Save Rivers

Helping People

Our Work Content Categories


By encouraging and fostering relationships between citizens and policy makers, the River Alliance has helped make citizens smarter and more effective advocates for the rivers they love.

  • Wisconsin River Initiative

    Wisconsin River Initiative

    The River Alliance, via our Wisconsin River Initiative, is leading the way to a renewed focus and energy to care for and protect our state's largest and best-known river.

Government Agencies & Lawmakers

The River Alliance partners with when appropriate, and challenges when necessary, the government agencies and policy decision makers entrusted with protecting our flowing waters.

  • Policy Priorities

    Policy Priorities

    By building relationships with policy makers and government agencies, providing sound scientific information and mobilizing river advocates across the state, the River Alliance influences how, and whether,effective policies and regulations are passed and implemented that protect and restore Wisconsin's rivers.

  • Urban Rivers

    Urban Rivers

    Long-neglected and abandoned industrial waterfronts can in fact become economic and aesthetic assets to urban centers. Besides, cities are where people live and urban people ought to have access to clean and beautiful rivers. Such rivers cannot be the exclusive province of remote rural areas.


The argument that environmental protection hurts businesses is outdated and inaccurate. We partner with business owners whose very livelihood depends on clean and plentiful water.

  • Blue Water Business Consortium

    Blue Water Business Consortium

    In this wonderfully watery state of Wisconsin, there are entire business sectors where environmental protection and economic growth are so integrally connected that businesses would be harmed, even driven to failure, if there was not a reliable supply of clean, plentiful water.

  • Bad Water is Bad for Business

    Bad Water is Bad for Business

    The River Alliance has been collecting stories from local small business owners to find out more about the detrimental effect that poor water quality—blue-green algae in particular—is having on Wisconsin tourism based economies and waterfront businesses.

Clean Water

With its partner citizen groups, local governments and conservation organizations, River Alliance fights to keep dirt from farms and streets and industrial waste out of Wisconsin's rivers.

  • Mining


    Several mineral deposits have been discovered all across Wisconsin,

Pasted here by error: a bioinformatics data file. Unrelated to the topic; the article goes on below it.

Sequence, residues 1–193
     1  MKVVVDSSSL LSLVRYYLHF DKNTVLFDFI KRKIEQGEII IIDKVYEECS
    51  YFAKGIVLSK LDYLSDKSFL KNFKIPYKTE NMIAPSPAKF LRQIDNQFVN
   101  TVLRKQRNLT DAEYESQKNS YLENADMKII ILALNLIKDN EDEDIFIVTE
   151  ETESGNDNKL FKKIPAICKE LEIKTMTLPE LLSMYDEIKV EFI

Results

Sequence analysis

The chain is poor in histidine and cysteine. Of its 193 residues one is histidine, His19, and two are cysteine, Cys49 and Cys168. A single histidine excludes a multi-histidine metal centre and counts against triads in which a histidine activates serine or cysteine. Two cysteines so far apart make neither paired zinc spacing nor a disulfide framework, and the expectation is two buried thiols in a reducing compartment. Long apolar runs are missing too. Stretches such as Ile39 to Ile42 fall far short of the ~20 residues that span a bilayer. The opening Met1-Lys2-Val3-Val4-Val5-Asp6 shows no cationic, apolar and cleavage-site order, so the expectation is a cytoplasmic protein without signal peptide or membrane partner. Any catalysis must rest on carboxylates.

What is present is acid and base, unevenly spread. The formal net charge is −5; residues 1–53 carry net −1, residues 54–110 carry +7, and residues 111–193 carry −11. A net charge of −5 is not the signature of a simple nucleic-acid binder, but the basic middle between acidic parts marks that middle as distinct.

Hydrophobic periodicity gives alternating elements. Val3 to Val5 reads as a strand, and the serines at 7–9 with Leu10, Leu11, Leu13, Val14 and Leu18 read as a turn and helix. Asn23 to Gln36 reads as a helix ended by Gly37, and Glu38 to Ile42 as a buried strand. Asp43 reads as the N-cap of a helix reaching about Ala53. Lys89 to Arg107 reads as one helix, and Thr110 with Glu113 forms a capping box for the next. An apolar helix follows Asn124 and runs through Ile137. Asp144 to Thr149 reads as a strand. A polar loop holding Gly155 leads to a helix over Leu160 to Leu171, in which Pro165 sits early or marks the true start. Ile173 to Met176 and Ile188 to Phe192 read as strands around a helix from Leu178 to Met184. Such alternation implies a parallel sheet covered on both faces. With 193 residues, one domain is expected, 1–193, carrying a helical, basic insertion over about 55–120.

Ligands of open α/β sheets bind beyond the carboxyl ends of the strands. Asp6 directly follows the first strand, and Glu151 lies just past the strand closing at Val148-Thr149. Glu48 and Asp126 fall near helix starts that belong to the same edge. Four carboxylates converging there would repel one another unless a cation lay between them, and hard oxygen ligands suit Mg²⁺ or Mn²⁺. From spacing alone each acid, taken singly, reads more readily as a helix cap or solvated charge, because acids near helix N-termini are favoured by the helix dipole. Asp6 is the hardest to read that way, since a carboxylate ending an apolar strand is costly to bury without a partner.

including frac sands, iron, zinc, copper, gold, nickel and silver deposits, many of them within the basins of important Wisconsin rivers.

  • Polluted Runoff

    Polluted Runoff

    There are many types of polluted water affecting rivers. Some dirty water comes from the pipes of factories, sewage treatment plants or cities (known as "point source" pollution). A whole lot comes from farm fields and city streets (known as "non-point" pollution).

Healthy Habitat

Our work to control pollution and aquatic invasive species helps manage threats, large and small, to the rich and diverse life found in flowing waters.

  • Aquatic Invasive Species

    Aquatic Invasive Species

    The River Alliance is working to educate about invasives, decrease their spread, and facilitate control efforts. Invasives threaten the survival of native plants and animals, interfere with ecosystem functions, and hybridize with native species resulting in negative genetic impacts.

  • Fish Passage

    Fish Passage

    The River Alliance advocates for and works with natural resource
    agency and hydro dam partners to develop a means for the ancient lake sturgeon to make their way up- and downstream around hydro dams on Wisconsin's rivers.

Free Flowing & Plentiful Water

The River Alliance directly confronts conflicting demands on water resources. We develop and promote practices, policies and ideas that balance economic development, recreation and conservation.

  • Dam Removal

    Dam Removal

    Our extensive history and experience with dam removal is available to others who may be facing the question of what to do with an aging dam in their community.

  • Groundwater


    It has long been assumed that our groundwater supplies are inexhaustible, but in some parts of the state, water is being pumped out of the ground at a far greater rate than it can be replenished, and nearby rivers, lakes and wetlands are paying the price.